Preventing conflict and holding institutions accountable are endless endeavors. The U.N. itself plays a pivotal role in guiding legal discussions around the use of space, successfully negotiating numerous treaties since the 1950s. As the new Space Age expands, companies can submit any and all spacecraft to the Register of Objects Launched into Outer Space. Doing so helps trace responsibility in the event of damage to launched objects, the creation of space debris, or unexpected collisions.
Supporting Good Health and Well-Being: SDG 3
Ensuring the health of everyone is a high priority for any functioning society. The extreme environment beyond Earth’s atmosphere prompts medical innovation by its very nature. Already, keeping astronauts safe far from home has led to various spinoff technologies in health care. Onboard the International Space Station, researchers study common diseases, test the efficacy of drug therapies, and experiment with 3D bioprinting.
WHAT THE SPACE INDUSTRY CAN LEARN FROM THE SDGS
Achievements in space exploration have always signaled progress. They demonstrate an intense shared sense of awe that upon seeing Earth as a “pale blue dot,” many astronauts experience the Overview Effect—a shift in awareness that engenders a deeper connection with all humankind. However, the field struggles to realize some of its core values. This is where the industry’s future could benefit from hewing close to SDGs like Gender Equality and Responsible Consumption and Production.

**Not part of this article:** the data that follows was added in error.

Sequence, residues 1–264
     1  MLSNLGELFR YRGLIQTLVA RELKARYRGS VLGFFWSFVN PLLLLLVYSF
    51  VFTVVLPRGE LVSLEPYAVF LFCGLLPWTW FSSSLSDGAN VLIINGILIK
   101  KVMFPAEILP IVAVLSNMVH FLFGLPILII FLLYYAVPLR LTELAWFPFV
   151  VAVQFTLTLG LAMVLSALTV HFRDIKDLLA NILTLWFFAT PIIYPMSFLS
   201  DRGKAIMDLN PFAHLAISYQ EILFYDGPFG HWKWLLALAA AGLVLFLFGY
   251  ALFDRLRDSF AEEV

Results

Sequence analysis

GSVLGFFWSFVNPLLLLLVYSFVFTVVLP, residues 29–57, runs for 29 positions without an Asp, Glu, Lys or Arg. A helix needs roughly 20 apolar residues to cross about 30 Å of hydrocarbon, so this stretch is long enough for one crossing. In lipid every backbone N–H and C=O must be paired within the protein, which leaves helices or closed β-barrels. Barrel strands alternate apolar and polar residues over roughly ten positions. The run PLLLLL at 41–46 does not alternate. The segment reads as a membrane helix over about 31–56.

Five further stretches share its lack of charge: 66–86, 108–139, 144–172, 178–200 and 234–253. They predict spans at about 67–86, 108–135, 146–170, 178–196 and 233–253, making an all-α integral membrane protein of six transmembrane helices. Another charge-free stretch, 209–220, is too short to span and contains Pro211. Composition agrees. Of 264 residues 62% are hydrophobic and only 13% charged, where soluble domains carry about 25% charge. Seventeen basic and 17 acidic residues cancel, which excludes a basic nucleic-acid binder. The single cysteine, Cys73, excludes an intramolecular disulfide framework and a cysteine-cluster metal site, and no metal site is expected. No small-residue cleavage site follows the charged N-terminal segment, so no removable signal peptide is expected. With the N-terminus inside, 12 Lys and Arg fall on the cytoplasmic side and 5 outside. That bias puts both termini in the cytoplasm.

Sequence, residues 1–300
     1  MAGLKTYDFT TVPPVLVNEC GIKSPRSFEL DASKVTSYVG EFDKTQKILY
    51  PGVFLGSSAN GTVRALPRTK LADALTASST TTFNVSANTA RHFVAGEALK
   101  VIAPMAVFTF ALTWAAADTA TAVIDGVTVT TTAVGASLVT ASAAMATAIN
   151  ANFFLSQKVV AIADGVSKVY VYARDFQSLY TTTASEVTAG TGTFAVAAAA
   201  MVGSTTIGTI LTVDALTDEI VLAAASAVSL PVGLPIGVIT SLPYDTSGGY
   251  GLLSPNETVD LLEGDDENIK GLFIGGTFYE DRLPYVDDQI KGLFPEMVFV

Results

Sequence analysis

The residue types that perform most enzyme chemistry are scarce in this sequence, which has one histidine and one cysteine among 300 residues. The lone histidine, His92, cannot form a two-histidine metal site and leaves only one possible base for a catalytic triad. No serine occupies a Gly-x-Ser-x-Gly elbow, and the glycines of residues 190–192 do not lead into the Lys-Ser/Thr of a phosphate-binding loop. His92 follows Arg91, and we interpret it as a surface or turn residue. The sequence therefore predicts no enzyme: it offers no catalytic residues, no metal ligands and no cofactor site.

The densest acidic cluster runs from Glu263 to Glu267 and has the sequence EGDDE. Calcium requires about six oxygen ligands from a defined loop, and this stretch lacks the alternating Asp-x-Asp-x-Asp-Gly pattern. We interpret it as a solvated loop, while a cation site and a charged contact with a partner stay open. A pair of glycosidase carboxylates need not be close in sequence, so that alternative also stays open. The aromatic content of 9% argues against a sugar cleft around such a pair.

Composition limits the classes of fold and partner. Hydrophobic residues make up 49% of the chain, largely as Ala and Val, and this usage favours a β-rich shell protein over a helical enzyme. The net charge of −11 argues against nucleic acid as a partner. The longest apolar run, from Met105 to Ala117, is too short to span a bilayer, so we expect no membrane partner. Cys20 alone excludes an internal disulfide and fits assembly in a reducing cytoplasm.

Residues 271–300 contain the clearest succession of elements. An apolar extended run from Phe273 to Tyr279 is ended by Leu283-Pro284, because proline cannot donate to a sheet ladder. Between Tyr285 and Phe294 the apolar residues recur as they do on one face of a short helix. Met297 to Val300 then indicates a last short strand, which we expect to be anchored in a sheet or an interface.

In the United States, only 11.2% of aerospace engineers are women. In the U.K., women are significantly underrepresented in the space sector, making up only 29% of the workforce in 2020. Similar disparities exist in other countries, according to the Organization for Economic Co-operation and Development.
To close the gender gap, I believe NewSpace should support initiatives like UNOOSA’s Space4Women program, which connects young women in STEM with a network of accomplished female mentors in their respective fields. Industry leaders can also sign the Panel Parity Pledge or create similar guidelines for their institutions to guarantee that women leaders are equally represented in important discussions.
As for responsible consumption and production, there is always room for improvement. While space stations and habitat models for Mars can influence eco-friendly construction on Earth, space travel comes with its own sustainability concerns. For example, space debris in lower Earth orbit has become a pressing issue, exacerbated by the advent of satellite mega-constellations. Tackling space junk with SDG 12 in mind could guarantee an accessible and safe lower Earth orbit for future generations.
SDGS AND THE FUTURE OF SPACE
The U.N.’s SDGs have wide-ranging implications for every economic sector, and there are many ways the space industry can contribute to a thriving society and bring the benefits of space exploration to all. I believe adopting even a handful of the goals could result in a stronger and more exciting future for our spacefaring economy. As astronauts gear up for lengthy visits to the moon and Mars this century, it is more important than ever to think deeply about the values we send along on those journeys.
Dylan Taylor is the Chairman & CEO of Voyager Space Holdings.